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Journal of oleo science

Sodium Lauryl Sulfate Stimulates the Generation of Reactive Oxygen Species through Interactions with Cell Membranes.


PMID 27829611

Abstract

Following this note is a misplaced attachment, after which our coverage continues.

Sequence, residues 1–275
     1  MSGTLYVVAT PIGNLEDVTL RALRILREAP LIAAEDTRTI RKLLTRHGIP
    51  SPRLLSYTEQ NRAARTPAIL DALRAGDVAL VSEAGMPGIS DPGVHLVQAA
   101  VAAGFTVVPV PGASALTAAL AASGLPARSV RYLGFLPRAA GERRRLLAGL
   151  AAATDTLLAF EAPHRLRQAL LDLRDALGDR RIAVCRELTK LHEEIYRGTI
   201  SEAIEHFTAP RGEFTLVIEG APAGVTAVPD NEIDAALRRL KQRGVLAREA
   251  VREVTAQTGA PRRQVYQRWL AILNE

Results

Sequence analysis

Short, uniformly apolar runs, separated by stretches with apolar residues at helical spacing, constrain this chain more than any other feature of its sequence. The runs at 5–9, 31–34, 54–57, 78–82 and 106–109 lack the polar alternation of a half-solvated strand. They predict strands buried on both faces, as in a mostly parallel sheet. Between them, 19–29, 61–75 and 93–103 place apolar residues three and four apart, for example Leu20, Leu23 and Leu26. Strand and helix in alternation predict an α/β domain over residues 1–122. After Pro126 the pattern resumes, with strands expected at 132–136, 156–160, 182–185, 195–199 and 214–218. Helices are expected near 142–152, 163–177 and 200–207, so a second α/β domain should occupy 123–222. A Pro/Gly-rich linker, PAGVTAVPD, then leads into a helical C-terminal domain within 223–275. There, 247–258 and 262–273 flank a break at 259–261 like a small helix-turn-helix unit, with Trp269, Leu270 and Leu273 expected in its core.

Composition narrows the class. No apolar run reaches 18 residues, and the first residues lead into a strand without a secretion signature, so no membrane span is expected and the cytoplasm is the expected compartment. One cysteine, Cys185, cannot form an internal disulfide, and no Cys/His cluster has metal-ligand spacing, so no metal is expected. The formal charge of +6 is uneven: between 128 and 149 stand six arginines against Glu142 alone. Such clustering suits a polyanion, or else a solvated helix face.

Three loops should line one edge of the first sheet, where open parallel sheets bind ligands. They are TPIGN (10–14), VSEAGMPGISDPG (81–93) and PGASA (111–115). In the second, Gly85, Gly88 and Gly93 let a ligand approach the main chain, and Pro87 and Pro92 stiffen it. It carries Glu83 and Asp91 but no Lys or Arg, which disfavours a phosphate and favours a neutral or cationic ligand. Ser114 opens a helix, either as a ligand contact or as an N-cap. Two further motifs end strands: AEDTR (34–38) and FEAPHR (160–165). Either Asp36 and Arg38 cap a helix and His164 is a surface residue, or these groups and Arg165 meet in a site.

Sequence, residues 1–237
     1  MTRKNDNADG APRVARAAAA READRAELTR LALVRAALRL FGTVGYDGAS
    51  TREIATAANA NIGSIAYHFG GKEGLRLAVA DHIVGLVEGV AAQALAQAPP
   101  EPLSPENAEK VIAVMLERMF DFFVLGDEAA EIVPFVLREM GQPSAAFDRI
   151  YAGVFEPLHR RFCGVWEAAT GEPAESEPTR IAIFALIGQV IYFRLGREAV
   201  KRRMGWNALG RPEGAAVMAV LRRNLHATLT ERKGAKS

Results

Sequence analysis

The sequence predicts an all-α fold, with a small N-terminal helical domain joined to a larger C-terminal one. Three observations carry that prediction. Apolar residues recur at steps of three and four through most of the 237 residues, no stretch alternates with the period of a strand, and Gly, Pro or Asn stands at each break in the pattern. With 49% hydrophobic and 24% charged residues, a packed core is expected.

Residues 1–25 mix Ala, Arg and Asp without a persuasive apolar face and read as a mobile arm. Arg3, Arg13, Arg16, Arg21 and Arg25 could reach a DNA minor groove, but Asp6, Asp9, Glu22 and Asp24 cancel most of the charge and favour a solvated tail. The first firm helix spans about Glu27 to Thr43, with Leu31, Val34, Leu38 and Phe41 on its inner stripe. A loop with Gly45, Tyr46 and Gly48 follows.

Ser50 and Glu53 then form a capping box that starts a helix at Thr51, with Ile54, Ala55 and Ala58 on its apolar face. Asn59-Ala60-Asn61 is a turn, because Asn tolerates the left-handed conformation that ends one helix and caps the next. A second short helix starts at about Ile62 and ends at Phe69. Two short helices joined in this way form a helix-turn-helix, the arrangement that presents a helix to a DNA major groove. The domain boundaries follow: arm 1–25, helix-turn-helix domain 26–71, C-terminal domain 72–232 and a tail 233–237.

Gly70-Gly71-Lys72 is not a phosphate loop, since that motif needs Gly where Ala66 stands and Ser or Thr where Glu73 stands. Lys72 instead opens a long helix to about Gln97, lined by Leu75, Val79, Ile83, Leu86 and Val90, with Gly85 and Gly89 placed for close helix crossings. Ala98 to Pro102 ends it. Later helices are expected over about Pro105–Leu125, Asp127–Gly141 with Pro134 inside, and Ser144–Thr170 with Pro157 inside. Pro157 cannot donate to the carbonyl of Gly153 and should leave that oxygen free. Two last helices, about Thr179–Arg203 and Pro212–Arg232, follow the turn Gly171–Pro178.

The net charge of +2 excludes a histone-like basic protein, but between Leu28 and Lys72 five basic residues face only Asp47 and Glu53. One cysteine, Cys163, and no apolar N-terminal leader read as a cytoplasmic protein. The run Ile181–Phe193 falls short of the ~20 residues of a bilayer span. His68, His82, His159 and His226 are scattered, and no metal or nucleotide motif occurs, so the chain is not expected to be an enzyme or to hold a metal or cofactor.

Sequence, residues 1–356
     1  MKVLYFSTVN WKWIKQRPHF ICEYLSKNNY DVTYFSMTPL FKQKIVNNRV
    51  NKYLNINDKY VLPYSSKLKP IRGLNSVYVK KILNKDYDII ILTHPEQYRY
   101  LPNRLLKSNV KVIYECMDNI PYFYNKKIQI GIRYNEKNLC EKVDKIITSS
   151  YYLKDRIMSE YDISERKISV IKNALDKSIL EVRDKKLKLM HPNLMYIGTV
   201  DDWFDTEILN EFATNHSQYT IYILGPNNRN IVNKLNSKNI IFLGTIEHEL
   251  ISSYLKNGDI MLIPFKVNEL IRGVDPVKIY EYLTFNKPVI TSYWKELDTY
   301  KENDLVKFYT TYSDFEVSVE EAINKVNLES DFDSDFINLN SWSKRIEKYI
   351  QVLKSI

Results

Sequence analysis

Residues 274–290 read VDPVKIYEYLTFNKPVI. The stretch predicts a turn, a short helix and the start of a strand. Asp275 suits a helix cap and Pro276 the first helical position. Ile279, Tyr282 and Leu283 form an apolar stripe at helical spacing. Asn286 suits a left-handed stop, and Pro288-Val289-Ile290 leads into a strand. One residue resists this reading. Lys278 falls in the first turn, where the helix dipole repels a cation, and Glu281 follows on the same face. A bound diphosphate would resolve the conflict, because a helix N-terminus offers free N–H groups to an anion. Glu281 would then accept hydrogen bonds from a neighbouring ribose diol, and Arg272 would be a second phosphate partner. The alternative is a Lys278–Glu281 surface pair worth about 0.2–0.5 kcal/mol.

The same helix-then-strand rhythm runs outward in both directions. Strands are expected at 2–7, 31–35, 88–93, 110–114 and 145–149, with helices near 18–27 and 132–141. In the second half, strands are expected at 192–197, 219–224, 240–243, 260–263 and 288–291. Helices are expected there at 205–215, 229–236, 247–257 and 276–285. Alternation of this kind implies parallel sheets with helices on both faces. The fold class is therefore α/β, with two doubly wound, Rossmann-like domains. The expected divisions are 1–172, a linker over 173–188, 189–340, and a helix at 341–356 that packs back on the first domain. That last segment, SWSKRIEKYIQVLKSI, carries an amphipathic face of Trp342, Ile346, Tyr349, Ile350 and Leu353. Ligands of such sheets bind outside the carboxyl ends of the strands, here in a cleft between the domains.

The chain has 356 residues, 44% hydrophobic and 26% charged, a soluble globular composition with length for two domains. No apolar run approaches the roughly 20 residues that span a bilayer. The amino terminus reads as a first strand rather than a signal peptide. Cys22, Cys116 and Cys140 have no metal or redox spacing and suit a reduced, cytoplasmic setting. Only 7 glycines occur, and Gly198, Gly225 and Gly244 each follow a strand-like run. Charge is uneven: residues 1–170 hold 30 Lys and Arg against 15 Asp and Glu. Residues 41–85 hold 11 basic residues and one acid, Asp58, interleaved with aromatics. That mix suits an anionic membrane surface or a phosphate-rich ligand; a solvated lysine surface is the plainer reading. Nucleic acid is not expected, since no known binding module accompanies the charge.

Sodium lauryl sulfate (SLS), a representative anionic surfactant, is well-known to induce rough skin following single or multiple topical applications. The mechanism by which SLS induces rough skin is thought to result from the disruption of skin moisture function consisting of NMF and epidermal lipids. However, a recent study demonstrated that topically applied SLS easily penetrates into the living cell layers of the epidermis, which suggests that physiological alterations of keratinocytes might cause the SLS-induced rough skin. This study was conducted to clarify the effects of SLS on keratinocytes to demonstrate the contribution of SLS to the induction of rough skin. In addition, the potentials of other widely used anionic surfactants to induce rough skin were evaluated. HaCaT keratinocytes treated with SLS had increased levels of intracellular ROS and IL-1α secretion. Application of SLS on the surface of a reconstructed epidermal equivalent also showed the increased generation of ROS. Further, SLS-treated cells showed an increase of intracellular calpain activity associated with the increase of intracellular Ca2+ concentration. The increase of intracellular ROS was abolished by the addition of BAPTA-AM, a specific chelator of Ca2+. In addition, IL-1α also stimulated ROS generation by HaCaT keratinocytes. An ESR spin-labeling study demonstrated that SLS increased the fluidity of membranes of liposomes and cells. Together, those results indicate that SLS initially interacts with cell membranes, which results in the elevation of intracellular Ca2+ influx. Ca2+ stimulates the secretion of IL-1α due to the activation of calpain, and also increases ROS generation. IL-1α also stimulates ROS generation by HaCaT keratinocytes. We conclude from these results that the elevation of intracellular ROS levels is one of the causes of SLS-induced rough skin. Finally, among the other anionic surfactants tested, sodium lauryl phosphate has less potential to induce rough skin because of its lower generation of ROS.